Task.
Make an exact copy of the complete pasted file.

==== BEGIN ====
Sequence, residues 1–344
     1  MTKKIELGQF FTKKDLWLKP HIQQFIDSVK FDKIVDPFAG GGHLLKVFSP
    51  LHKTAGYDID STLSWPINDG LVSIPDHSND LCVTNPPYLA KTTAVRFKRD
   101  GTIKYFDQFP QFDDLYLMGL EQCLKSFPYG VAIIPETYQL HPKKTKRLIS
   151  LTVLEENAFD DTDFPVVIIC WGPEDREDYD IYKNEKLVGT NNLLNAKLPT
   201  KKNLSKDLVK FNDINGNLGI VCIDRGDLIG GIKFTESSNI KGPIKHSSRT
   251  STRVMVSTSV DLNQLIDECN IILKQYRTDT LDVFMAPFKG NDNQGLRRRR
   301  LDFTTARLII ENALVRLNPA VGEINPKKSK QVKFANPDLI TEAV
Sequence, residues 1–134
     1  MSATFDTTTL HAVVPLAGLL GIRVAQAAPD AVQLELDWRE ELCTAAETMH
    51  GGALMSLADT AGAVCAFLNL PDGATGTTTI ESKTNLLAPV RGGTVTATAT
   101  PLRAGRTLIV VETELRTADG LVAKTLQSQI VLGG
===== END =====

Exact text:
Sequence, residues 1–344
     1  MTKKIELGQF FTKKDLWLKP HIQQFIDSVK FDKIVDPFAG GGHLLKVFSP
    51  LHKTAGYDID STLSWPINDG LVSIPDHSND LCVTNPPYLA KTTAVRFKRD
   101  GTIKYFDQFP QFDDLYLMGL EQCLKSFPYG VAIIPETYQL HPKKTKRLIS
   151  LTVLEENAFD DTDFPVVIIC WGPEDREDYD IYKNEKLVGT NNLLNAKLPT
   201  KKNLSKDLVK FNDINGNLGI VCIDRGDLIG GIKFTESSNI KGPIKHSSRT
   251  STRVMVSTSV DLNQLIDECN IILKQYRTDT LDVFMAPFKG NDNQGLRRRR
   301  LDFTTARLII ENALVRLNPA VGEINPKKSK QVKFANPDLI TEAV
Sequence, residues 1–134
     1  MSATFDTTTL HAVVPLAGLL GIRVAQAAPD AVQLELDWRE ELCTAAETMH
    51  GGALMSLADT AGAVCAFLNL PDGATGTTTI ESKTNLLAPV RGGTVTATAT
   101  PLRAGRTLIV VETELRTADG LVAKTLQSQI VLGG